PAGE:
Polynomials and function space over fields

  • #1
Hi,

Can someone explain why the following is true? It seems to be an "accepted fact" everywhere I search, and I can't tell why.

Let F be a field. Let E be the function from F[x] to F^F, where F[x] is the set of all polynomials over F, and F^F is the set of all functions from F to F.
Then E is 1-to-1 if and only if F is infinite, and E is onto if and only if F is finite.

Why is this true?

For the first part, I can see that 1-to-1 would mean that the kernel of E is 0. So if F is finite, there should be some non-zero polynomial in F[x] which maps to the zero function in F^F.

For the second part, I can see that if F is finite, then F^F is finite. F[x] is of course infinite, and so it makes sense that E is onto, but can someone give a more conceptual reason why? Or is that the essence of the reasoning?

Thank you!

Kriti
 

Answers and Replies

  • #2
matt grime
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What do you mean by 'the' function? You simply mean the inclusion right? Well, for the first case, if I take a polynomial and consider it as a function, how can it be the zero function (i.e. send every element of F to zero)? Only if it was the zero polynomial.

The second is also easy. Forget fields. Suppose I tell you, over the reals, that f(0)=1, f(1)=10 and f(3)=4, write down a polynomial through the points (0,1), (1,10) amd (3,4), you'd be able to do that easily. Well, the finite field question you ask is no harder.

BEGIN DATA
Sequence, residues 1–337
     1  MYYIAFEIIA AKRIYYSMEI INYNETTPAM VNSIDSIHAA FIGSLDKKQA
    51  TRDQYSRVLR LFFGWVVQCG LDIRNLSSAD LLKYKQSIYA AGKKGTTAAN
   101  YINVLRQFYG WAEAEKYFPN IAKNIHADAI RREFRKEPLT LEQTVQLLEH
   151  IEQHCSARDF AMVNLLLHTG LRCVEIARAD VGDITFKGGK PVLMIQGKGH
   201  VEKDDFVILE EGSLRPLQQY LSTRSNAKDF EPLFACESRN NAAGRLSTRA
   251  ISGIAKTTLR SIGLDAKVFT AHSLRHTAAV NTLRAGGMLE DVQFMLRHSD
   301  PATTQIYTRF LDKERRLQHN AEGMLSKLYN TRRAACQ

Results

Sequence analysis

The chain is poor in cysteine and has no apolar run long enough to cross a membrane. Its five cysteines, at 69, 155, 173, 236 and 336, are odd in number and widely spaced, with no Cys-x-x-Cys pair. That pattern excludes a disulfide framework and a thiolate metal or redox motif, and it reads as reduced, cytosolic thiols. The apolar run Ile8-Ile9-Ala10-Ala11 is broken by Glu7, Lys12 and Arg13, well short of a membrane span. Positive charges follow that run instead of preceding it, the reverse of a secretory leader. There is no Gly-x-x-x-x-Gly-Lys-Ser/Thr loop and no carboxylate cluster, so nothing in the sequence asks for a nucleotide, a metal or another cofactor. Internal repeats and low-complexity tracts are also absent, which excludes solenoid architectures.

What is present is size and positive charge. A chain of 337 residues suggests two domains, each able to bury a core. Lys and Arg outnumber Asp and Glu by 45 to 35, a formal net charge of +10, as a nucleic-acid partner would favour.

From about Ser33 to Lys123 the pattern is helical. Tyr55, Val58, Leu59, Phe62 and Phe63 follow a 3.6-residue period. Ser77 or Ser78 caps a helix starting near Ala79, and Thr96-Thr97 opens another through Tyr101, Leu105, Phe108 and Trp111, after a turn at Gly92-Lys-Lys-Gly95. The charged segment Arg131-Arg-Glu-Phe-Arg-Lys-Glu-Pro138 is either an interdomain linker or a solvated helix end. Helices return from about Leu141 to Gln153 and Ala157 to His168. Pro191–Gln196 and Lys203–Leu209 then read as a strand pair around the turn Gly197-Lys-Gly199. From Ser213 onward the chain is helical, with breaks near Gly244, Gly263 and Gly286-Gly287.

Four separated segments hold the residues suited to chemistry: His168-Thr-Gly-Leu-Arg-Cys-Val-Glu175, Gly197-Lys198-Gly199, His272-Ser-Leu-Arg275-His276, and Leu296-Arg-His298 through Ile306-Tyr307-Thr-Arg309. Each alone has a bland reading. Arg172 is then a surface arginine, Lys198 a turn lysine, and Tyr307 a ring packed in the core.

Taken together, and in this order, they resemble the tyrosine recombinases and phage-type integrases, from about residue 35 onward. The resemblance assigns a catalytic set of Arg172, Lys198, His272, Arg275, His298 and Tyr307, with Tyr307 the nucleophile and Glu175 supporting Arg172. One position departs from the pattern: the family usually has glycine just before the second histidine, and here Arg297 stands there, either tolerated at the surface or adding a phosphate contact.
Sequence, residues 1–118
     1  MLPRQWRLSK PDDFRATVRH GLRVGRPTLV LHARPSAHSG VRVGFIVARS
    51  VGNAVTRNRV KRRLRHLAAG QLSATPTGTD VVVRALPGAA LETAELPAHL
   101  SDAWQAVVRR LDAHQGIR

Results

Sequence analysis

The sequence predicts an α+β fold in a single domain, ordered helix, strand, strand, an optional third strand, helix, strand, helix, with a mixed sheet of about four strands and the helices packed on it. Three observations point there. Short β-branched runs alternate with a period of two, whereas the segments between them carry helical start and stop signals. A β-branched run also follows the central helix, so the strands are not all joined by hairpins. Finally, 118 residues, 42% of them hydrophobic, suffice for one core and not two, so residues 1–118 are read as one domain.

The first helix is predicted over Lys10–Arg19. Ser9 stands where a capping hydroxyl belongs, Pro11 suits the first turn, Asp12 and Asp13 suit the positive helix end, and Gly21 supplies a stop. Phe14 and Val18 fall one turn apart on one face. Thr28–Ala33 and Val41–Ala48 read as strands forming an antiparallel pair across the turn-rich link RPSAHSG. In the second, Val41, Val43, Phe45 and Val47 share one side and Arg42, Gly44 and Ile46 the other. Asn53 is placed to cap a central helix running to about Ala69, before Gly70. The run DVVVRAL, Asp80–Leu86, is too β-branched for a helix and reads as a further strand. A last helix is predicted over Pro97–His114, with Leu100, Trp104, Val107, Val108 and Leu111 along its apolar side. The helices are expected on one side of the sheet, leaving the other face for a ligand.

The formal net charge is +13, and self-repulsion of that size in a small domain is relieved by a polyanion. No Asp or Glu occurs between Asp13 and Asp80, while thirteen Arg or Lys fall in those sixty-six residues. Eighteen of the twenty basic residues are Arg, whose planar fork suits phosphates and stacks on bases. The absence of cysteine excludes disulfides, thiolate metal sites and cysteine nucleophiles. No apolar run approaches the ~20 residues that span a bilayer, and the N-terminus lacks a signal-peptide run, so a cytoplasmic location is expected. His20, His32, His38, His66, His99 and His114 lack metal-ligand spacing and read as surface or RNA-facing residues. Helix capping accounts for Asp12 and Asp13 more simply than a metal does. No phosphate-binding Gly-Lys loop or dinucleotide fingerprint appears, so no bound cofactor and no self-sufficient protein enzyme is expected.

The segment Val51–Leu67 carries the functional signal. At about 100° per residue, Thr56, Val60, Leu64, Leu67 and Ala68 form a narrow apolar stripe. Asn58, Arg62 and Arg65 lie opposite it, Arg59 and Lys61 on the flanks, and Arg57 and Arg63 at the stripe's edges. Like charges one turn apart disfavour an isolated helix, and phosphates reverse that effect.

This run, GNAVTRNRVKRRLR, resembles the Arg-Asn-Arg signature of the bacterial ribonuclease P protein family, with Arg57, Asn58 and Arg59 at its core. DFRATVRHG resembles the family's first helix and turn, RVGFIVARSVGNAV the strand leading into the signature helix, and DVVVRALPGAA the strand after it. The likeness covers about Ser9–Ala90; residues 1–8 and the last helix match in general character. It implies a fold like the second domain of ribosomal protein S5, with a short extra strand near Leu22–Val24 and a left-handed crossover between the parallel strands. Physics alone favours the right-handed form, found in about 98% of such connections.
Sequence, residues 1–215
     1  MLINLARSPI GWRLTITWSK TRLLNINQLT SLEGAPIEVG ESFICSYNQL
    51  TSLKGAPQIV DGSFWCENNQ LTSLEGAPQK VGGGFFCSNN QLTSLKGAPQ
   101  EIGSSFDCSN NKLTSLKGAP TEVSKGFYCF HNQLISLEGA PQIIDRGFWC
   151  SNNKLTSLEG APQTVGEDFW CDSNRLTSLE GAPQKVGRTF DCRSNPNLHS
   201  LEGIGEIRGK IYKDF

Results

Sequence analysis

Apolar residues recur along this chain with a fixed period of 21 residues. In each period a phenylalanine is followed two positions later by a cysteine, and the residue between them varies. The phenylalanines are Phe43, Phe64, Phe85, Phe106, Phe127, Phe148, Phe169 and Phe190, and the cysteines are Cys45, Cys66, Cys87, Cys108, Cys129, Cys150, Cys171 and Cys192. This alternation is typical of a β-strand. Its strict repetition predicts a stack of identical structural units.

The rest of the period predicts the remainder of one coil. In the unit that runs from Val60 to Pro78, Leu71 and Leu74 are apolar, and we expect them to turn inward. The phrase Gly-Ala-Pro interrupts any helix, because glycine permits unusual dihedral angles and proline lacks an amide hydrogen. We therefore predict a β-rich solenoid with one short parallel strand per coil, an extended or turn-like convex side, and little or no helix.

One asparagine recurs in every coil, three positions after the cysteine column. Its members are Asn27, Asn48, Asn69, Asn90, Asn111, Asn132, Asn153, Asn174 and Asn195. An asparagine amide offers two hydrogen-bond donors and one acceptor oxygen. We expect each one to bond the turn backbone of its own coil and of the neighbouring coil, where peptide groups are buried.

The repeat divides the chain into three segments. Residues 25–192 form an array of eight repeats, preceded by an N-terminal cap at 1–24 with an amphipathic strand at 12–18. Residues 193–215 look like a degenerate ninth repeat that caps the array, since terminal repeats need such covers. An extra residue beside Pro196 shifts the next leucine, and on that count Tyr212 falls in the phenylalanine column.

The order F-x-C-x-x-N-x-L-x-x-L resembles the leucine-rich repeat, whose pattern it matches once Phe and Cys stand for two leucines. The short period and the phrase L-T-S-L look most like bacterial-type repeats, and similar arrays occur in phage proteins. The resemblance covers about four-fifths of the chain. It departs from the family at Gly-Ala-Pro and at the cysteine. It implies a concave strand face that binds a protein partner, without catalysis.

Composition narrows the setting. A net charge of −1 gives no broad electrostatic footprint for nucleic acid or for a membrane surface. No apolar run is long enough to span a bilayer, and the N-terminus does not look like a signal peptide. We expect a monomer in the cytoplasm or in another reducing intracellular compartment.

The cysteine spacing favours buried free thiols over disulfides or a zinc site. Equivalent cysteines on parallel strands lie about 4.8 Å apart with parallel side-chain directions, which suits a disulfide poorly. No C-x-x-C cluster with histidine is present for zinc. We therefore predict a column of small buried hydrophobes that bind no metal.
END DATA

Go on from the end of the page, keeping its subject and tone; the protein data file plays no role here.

• #3
Yes, by "the" function, I meant the natural function mapping each polynomial in F[x] to it's associated function in F^F.

For the first case, what you mentioned is true. I had figured that much myself, but that proves that F is infinite => ker E = 0 <=> E is 1-to-1. How do we go in the opposite direction? I.e., why is it that ker E = 0 => F is infinite?

Similarly, for the second part, what you said was the basic concept I understood. But why does this require a finite field then? Given any function in F^F, couldn't I find some polynomial that could interpolate it?
 
  • #4
matt grime
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If a field is finite it has a characteristic. It is easy to show that (x+1)^p=x^p+1 when p is the characteristic of a finite field. This is more than enough of a prod to help you with the problems you're having. If that isn't enough, then does the word Frobenious help?
 
  • #5
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Here is a little something to add to what matt-grime was lecturing about.

Theorem: Let [tex]|F|= \infty[/tex] and [tex]f(x)[/tex] be a polynomial if [tex]f(\alpha)=0[/tex] for every [tex]\alpha \in F[/tex] then [tex]f(x)=0[/tex].

Proof: Let [tex]\deg f(x) = n[/tex] (assuming [tex]f(x)\not = 0[/tex]) then [tex]f(x)[/tex] can have at most [tex]n[/tex] zeros. But it clearly does not for any [tex]\alpha \in F[/tex] is a zero. So [tex]f(x)[/tex] must be the trivial polynomial.

Note, if [tex]F[/tex] is finite and [tex]\deg f(x) > |F|[/tex] then the same conclusion can be drawn. But it need not to be always true. Consider [tex]F[/tex] a field of order 3. And [tex]f(x)=x^3-x[/tex] it maps all elements into zero.
 
  • #6
mathwonk
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the proof for surjectivity matt gave also proves non injectivity in the finite case, [besides that it is obvious, since the domain is infinite and the target is finite].
 

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